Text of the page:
Eighteen State Attorneys General Oppose Due Process Protections in Title IX Proceedings that They Must Observe in Every Other Civil or Criminal Proceeding

The following guest post is from Michael Thad Allen. He is a former university professor and left a tenured position at a major research university (the Georgia Institute of Technology) to earn a law degree at Yale Law school. As a university professor, Michael Allen dedicated his scholarship to social justice, researching and writing about the Holocaust and civil rights. His book, The Business of Genocide (University of North Carolina Press) received the 2002 German Studies Association best book award. He is now the principal of Allen Law, LLC and represents both accused students as well as victims in student misconduct hearings at universities and in federal court. Turning to a career in Student Rights Law has enabled Attorney Allen not just to study civil rights but to defend them.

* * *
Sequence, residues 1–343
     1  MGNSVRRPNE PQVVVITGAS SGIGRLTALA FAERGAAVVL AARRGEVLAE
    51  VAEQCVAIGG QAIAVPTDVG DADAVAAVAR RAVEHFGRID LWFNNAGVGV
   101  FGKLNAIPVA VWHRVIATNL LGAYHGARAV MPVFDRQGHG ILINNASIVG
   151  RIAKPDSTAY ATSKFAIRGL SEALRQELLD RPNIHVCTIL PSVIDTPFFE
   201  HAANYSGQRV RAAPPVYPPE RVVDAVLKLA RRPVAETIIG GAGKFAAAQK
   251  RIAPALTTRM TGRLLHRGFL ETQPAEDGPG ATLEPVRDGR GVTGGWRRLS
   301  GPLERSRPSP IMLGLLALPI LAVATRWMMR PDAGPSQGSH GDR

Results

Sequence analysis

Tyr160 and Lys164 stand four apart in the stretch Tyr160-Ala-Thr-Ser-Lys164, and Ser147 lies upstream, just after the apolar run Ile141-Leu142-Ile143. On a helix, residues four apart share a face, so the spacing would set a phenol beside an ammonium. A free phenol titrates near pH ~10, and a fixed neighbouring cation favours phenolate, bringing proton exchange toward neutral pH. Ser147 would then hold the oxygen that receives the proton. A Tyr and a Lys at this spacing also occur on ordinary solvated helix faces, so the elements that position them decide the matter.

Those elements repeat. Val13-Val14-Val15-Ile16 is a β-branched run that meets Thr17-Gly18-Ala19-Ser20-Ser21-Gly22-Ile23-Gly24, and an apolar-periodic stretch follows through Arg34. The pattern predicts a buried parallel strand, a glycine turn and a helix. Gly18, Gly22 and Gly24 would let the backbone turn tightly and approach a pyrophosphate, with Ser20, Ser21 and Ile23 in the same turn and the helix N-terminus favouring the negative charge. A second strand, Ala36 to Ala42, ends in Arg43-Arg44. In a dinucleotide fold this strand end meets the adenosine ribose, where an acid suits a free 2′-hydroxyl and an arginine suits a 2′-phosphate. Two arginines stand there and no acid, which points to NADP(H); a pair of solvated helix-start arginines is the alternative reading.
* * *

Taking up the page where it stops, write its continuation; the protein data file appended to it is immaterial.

The Attorneys General of 18 states collectively submitted an extensive 72-page commentopposing rules proposed by the Department of Education for Title IX.  

Led by the Commonwealth of Pennsylvania (Josh Shapiro), California (Xavier Becerra), and New Jersey (Gurbir S. Grewal), these chief legal officers of their respective states have gone on record attacking some of the most fundamental due process protections that are otherwise the norm for defendants in the civil and criminal justice system.

The practical effect of the position they advocate would be to create a unique space -- college campuses -- and a unique class of alleged victims and accused – students in higher education -- to whom tried and true procedures for deciding guilt in cases of serious allegations do not apply.